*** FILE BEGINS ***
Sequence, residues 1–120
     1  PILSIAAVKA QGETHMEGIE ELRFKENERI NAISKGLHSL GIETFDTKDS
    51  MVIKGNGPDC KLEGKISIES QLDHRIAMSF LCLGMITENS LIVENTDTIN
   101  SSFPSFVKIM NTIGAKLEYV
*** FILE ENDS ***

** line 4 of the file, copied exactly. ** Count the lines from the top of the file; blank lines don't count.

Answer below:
   101  SSFPSFVKIM NTIGAKLEYV